As the needs to both conserve nature and feed the world grow increasingly urgent, innovative agricultural finance has become a hot topic. How can we use finance to turn agriculture from a source of environmental harm and social inequalities into a driver of conservation and social inclusiveness? And how do we ensure that financial incentives support the livelihoods of the poorest people in rural communities?
These issues were front and center on September 7, 2021, when CoSAI led a session on agricultural finance at the International Union for Conservation of Nature (IUCN) World Conservation Congress in Marseille. The Congress enabled thousands of attendees from over 160 countries to come together to discuss conservation and sustainable development from science, policy and practice perspectives. As one of the most influential events of its kind, the Congress marks an important opportunity for participants to shape global priorities for years to come.
CoSAI’s session, ‘Agricultural Finance as a Force for Conservation: Innovations for and from the Global South,’ asked how financial instruments can be improved to reward famers and businesses for protecting and restoring nature. Moderated by Dr Grethel Aguilar, Deputy Director General of the IUCN and a CoSAI Commissioner, the session brought together a diverse range of experts for a lively and thought-provoking discussion.
Dr Grethel Aguilar, Deputy Director General of the IUCN and a CoSAI Commissioner, and Ms Josefina Achaval-Torre, a Project Officer for CoSAI, took questions from the audience.
Lessons from the Global South
Dr Ximena Rueda, Associate Professor at the School of Management at Universidad de Los Andes and a CoSAI Commissioner, began the session by presenting emerging results of a new study on the impacts of financial support to nature-positive and socially-inclusive agriculture in the Global South. The study, led by the SDG Center for Latin America and the Caribbean (CODS), investigated 295 regulatory, market-based and voluntary financial incentives across dozens of countries to discover which produced positive environmental and livelihood impacts, and whether these positive impacts could be scaled up. The final paper of this ongoing study is expected at the end of October and will be accompanied by a policy brief for decision makers. The publication will be both in Spanish and English.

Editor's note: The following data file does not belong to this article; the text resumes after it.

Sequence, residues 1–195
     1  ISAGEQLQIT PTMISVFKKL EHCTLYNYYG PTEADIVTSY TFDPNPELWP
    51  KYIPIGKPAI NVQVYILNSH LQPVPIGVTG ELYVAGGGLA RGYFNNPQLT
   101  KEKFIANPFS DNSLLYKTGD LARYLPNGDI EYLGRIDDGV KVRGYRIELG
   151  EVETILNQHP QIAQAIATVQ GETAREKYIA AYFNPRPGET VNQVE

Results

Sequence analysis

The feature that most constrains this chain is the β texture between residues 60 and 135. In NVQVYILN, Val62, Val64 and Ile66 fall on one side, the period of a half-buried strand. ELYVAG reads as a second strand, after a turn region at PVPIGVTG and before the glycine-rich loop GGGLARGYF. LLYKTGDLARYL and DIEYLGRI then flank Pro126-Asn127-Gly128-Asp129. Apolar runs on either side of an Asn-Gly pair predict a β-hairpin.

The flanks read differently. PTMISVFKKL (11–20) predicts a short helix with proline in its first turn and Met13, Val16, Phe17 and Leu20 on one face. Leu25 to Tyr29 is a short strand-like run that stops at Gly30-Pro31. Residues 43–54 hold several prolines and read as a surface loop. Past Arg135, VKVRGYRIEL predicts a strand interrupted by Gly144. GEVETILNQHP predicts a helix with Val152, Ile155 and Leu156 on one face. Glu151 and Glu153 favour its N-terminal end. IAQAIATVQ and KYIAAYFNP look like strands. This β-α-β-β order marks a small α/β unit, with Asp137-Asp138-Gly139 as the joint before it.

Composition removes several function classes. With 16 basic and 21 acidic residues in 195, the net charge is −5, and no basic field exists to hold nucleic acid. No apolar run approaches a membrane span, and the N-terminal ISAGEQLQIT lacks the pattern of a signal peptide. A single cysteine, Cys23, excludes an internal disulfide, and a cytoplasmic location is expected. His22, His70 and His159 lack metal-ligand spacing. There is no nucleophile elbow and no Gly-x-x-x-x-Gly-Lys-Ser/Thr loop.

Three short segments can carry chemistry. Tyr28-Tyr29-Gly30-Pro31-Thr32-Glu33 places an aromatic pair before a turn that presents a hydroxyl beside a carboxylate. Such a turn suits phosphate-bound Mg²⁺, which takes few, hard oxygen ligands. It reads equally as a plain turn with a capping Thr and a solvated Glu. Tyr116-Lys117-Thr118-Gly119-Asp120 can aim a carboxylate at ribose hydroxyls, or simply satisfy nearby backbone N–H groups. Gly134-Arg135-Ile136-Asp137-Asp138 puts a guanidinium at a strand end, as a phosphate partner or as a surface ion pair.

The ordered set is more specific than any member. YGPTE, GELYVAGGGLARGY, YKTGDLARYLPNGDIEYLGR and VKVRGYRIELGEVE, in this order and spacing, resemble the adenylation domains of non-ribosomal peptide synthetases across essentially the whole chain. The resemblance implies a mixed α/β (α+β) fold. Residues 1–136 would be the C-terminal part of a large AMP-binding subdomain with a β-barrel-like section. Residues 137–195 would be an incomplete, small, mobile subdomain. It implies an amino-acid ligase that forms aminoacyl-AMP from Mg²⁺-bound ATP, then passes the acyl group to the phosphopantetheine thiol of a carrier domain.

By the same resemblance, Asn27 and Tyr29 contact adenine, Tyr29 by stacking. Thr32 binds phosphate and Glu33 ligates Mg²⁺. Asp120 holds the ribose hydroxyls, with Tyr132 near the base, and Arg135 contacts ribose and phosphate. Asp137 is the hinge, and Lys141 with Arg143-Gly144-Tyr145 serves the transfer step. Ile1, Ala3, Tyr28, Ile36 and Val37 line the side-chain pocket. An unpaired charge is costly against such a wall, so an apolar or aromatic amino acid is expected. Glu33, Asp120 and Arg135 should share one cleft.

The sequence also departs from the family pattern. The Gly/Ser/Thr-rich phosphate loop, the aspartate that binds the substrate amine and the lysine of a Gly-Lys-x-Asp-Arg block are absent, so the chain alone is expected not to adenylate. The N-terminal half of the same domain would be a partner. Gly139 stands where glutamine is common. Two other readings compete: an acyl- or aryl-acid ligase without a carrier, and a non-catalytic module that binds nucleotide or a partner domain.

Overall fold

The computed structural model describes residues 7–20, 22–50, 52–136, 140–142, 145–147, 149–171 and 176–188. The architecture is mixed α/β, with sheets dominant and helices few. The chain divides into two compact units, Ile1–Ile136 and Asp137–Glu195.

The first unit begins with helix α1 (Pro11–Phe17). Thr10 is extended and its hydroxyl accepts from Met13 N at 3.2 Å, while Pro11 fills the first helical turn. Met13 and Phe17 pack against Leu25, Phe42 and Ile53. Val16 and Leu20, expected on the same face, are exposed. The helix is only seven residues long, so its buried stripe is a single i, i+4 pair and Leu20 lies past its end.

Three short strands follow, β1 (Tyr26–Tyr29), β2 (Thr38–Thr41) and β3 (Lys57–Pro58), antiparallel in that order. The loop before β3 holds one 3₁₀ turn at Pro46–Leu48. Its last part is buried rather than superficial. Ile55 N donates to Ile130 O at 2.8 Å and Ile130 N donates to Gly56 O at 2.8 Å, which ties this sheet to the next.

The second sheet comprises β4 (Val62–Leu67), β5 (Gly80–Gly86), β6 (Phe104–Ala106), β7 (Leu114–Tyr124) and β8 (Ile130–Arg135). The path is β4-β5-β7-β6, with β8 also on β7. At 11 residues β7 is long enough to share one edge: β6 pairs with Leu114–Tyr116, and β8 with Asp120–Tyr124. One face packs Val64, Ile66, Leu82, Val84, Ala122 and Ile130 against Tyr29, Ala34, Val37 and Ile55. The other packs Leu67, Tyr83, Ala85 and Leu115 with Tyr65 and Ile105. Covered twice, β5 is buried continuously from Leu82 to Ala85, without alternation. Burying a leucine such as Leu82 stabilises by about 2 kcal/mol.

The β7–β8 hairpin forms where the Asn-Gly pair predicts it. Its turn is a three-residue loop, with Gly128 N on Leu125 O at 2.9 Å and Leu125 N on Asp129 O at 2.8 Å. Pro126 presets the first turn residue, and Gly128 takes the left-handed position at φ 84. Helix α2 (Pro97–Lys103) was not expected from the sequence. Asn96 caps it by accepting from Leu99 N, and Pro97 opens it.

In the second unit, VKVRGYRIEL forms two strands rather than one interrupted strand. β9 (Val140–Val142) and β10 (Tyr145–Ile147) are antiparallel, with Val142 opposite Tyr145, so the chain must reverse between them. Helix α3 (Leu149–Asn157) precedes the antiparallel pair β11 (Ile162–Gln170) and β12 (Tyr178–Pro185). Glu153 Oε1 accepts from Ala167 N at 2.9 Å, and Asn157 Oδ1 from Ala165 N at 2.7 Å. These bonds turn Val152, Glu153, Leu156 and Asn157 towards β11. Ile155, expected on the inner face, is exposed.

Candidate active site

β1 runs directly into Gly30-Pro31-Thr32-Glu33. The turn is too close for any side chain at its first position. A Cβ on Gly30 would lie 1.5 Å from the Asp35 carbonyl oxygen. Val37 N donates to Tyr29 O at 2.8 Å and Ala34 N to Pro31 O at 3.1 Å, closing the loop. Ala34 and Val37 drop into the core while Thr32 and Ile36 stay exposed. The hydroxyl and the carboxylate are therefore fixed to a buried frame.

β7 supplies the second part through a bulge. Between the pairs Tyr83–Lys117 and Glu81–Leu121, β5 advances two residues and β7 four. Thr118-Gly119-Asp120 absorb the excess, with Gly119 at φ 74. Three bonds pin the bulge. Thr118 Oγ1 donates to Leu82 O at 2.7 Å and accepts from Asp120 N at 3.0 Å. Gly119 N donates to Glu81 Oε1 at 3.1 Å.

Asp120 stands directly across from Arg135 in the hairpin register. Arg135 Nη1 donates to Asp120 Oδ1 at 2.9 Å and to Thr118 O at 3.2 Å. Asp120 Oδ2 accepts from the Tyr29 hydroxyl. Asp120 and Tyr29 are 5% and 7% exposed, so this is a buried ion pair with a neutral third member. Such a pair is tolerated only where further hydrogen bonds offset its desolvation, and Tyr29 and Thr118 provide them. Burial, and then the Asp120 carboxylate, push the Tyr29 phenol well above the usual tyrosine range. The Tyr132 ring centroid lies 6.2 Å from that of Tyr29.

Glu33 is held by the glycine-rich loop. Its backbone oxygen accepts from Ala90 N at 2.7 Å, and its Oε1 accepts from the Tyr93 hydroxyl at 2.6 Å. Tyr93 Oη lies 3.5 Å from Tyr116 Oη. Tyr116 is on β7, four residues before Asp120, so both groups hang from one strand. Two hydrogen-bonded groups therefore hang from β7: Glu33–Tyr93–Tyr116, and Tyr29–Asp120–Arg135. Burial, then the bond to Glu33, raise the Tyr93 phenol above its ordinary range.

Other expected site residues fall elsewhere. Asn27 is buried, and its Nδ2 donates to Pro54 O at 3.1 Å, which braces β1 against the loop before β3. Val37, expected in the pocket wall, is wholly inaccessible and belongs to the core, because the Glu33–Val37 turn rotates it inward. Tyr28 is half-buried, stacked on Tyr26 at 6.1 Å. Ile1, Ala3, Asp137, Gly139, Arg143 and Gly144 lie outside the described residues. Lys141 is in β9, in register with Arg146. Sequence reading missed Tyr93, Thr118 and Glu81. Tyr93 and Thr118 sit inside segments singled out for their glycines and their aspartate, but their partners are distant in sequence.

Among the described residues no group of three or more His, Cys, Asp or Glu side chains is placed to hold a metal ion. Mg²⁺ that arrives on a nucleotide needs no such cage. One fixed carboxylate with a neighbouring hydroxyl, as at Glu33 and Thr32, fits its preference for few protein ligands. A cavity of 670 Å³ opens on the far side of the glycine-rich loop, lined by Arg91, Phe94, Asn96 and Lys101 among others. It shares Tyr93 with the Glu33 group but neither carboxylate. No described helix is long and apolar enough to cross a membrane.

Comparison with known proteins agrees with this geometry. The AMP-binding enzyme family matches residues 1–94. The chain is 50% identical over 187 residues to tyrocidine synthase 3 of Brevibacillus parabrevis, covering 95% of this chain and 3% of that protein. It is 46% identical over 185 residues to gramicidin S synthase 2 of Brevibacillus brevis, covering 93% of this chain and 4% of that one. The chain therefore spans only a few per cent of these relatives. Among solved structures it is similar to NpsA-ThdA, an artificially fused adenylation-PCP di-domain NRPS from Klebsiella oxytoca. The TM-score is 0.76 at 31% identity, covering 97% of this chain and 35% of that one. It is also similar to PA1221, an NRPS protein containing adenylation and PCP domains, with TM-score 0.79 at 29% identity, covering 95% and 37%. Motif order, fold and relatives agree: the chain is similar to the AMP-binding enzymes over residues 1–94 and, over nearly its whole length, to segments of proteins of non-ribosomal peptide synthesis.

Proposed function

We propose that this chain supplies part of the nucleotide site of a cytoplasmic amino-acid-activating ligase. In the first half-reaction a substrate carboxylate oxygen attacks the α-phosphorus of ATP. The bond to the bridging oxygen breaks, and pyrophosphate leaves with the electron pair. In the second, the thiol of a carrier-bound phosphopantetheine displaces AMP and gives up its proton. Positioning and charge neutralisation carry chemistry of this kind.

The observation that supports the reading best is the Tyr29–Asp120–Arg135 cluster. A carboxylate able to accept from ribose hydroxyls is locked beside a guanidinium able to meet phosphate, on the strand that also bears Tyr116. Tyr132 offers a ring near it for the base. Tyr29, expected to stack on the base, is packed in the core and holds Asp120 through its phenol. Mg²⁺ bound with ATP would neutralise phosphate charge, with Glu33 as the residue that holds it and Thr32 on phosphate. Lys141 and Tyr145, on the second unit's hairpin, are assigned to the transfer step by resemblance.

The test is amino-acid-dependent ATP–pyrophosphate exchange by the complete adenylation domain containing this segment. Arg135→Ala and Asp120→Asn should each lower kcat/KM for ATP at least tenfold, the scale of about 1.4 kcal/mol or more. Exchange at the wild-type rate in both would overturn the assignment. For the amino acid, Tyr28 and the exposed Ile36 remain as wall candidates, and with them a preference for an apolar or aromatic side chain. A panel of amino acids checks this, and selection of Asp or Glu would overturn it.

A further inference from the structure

Emerging results suggest that economic instruments developed for conservation offer great opportunities for expansion into agricultural landscapes where the rural poor live. To be effective these instruments will require political, technical and institutional innovations that are, fortunately, within the reach of current actors. The study also stressed the importance of social capital and community buy-in and found that local communities can play more important roles in the implementation of economic instruments.
The importance of smallholders
The themes of community involvement and innovation were also emphasized in the panel discussion that followed Dr Rueda’s presentation. Thais Fontes, a Senior Relationship Manager at Rabobank, stressed the need for technical and financial solutions to sustainable agriculture to work together with all relevant stakeholders, especially small-scale farmers, if they are to encourage farmers to invest in protecting and supporting nature.
Dr Bettina Prato, Senior Coordinator for the Smallholder and Agri-SME Finance and Investment Network, argued that financial incentives for small-scale farmers need to address financial aggregation and market linkages. Dr Patrick Bigger of the Pentland Centre for Sustainability highlighted the challenges of making conservation investible, reminding attendees that private investment and blended finance have a mixed record of achieving community inclusion and sustainable development.
Dr Grethel Aguilar discussed the importance of smallholders with the session panel.
These points were strongly reinforced by the fourth panel member, Esther Penunia, Secretary General of the Asian Farmers’ Association for Sustainable Rural Development, who provided a farmer perspective on agricultural finance. Encouraging farmers to conserve and restore nature is not simply a matter of creating policies and incentives, she argued, but of involving farmers and farmers’ organizations in their development and implementation.
In her closing remarks, Dr Aguilar echoed these views and reiterated the importance of working with smallholders and local communities to conserve nature. The hope now is that the research findings and perspectives presented in CoSAI’s IUCN Congress session will inspire ideas and spark collaborations that will positively influence the future of agricultural finance. As Dr Aguilar concluded: ‘this session is just the beginning of the conversation.’
With this in mind, CoSAI will continue its Paying for Nature and Society research. To encourage a regional approach, the next roundtable, on September 30, is being organized by CoSAI in association with the Alliance Bioversity-CIAT, CODS and IUCN. The focus of this roundtable will be on Latin America, bringing together actors from different sectors to have an open panel discussion about how to design financial incentives that promote an equitable and sustainable transition in agriculture. The outcomes of this roundtable will feed into the outcomes being delivered by CODS.